Looking Skyward

Looking Skyward

Howard Kestenbaum’s prized telescope.

At first I felt I couldn't possibly donate anything. Everything still felt like him. I could look at the last package of Wrigley’s spearmint gum that was still in the house when we lost him. I could smell the spearmint even thought it was tucked away with other things of his. I'd smile remembering that it always had to be spearmint because he said the taste lasted longer. So many little things held him to us. It was all we had. How could I give any of these away?

The more I thought about it the more I smiled at so many memories. So many things we shared. I never wanted Howard to be just a number, a name etched in granite or bronze. We always wanted to bear witness for him. I thought of our children and grandchildren; the children of nieces, nephews, cousins and friends. Those who might know of Howard but who would never know him. He was a real human being. He laughed and he cried. He worked hard. He was smart and he was funny. He loved and he was loved. I thought of the things that meant so much to him. Those things he loved his entire life.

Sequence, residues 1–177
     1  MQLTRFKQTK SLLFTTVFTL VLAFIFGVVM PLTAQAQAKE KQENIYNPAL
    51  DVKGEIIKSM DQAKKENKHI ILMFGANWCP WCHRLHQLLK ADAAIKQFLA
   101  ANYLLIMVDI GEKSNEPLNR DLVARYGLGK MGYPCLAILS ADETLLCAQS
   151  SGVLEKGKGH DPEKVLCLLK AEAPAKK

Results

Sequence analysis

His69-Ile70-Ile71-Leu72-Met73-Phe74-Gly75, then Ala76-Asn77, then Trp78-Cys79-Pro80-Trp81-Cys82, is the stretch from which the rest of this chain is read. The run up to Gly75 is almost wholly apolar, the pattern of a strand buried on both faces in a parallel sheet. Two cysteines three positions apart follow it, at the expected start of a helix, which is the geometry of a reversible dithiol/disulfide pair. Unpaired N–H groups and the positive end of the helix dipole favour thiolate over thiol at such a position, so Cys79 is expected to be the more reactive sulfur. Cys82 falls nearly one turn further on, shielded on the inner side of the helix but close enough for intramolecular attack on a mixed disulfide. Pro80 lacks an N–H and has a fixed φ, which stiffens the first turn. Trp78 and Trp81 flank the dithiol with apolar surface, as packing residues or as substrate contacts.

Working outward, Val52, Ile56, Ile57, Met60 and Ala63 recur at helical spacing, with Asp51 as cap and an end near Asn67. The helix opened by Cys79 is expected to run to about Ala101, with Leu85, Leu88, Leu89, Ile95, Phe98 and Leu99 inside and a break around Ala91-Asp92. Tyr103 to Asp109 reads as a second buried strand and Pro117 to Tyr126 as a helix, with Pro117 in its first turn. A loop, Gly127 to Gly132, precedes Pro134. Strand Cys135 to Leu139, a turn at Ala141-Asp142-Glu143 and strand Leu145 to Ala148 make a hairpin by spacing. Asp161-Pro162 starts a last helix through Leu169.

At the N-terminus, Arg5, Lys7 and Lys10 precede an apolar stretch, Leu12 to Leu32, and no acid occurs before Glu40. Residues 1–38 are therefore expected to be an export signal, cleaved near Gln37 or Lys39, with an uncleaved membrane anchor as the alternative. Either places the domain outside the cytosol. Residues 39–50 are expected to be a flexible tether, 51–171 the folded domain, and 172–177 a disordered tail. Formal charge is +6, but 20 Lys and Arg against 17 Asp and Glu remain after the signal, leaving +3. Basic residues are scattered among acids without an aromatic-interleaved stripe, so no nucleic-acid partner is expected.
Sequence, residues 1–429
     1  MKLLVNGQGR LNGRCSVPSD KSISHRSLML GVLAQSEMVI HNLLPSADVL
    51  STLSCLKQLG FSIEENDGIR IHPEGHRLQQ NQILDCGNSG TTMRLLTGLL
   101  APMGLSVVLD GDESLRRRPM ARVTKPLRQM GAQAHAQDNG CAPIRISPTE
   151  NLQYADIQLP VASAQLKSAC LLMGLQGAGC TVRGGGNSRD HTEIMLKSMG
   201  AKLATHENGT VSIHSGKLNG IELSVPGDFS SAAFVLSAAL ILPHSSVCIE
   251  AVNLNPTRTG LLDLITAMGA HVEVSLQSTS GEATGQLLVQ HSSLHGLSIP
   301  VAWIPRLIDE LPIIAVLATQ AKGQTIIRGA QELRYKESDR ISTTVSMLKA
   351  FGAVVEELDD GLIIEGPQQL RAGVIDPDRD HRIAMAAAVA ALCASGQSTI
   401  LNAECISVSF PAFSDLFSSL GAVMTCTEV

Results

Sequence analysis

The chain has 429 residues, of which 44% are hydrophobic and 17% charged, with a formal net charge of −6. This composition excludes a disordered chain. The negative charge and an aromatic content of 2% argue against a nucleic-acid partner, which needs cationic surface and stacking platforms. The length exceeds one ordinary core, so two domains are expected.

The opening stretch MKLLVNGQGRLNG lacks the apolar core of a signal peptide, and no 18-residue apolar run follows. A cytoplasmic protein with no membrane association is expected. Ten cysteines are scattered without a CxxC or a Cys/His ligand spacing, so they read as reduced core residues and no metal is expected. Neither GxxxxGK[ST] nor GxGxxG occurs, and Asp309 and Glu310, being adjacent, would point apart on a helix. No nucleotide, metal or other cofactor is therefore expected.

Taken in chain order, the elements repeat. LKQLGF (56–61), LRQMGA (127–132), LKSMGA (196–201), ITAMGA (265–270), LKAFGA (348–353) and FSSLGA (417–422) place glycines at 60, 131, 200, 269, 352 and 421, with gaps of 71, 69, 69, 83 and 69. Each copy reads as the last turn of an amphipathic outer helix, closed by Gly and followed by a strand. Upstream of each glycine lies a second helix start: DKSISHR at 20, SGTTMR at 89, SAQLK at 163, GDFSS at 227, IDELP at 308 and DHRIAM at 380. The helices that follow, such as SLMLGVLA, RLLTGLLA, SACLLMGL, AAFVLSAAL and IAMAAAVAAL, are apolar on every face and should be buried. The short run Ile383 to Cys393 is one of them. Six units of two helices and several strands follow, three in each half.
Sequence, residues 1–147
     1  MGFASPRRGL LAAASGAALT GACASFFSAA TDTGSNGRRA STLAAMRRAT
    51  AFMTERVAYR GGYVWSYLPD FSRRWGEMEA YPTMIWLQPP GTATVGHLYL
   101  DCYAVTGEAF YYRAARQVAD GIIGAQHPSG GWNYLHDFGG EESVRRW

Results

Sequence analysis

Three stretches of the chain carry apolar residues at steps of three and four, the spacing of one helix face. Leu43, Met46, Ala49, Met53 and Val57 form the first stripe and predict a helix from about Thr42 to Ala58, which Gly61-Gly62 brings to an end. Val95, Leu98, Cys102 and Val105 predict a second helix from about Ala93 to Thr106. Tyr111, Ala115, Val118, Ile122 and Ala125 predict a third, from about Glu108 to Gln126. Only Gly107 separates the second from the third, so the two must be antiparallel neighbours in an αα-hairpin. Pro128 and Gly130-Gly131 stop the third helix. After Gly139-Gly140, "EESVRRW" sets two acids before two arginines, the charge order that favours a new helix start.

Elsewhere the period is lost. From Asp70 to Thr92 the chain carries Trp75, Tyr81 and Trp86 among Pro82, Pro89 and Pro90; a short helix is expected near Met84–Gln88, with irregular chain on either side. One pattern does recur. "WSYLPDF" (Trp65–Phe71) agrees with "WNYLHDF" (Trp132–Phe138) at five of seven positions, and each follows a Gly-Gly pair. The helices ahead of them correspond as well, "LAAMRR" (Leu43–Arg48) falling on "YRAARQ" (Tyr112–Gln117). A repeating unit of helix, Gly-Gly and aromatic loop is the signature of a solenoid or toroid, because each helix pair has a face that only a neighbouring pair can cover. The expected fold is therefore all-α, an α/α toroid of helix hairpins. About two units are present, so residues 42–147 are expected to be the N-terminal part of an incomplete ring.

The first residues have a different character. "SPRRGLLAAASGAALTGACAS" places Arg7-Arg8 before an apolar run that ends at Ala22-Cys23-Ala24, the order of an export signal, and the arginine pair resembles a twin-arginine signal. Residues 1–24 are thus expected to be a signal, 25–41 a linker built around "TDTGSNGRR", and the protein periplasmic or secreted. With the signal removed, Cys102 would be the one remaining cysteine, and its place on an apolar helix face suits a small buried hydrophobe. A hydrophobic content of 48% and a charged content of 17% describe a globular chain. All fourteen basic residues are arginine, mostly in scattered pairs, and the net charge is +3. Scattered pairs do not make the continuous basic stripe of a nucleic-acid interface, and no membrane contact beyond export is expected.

The telescope on display in the museum’s memorial exhibition. Photo by Jin Lee.I knew that whatever I donated had to reflect his immense wonder in and joy of studying the universe so I decided to donate his telescope. The lens brought him closest to his universe. It was through the lens that he was out late at night and early in the morning looking skyward. It was through the lens that he shared with others the infinite celestial beauty.

It gives me a feeling of connectedness to know some real part of Howard is in the museum. Other family members have told me the same thing. Having written and recorded the memories surrounding the why and wherefore of the telescope lens donation makes me feel warm and at peace no matter how bittersweet the experience.

The telescope lens and the recordings, whether recorded by me or family members and friends, bring Howard near to me once more if only for a moment.

Granvilette Kestenbaum is the widow of Howard Kestenbaum who was killed on 9/11. She donated to the museum Howard’s prized telescope which is currently on view in the "In Memoriam" gallery. Howard’s birthday is today, December 30.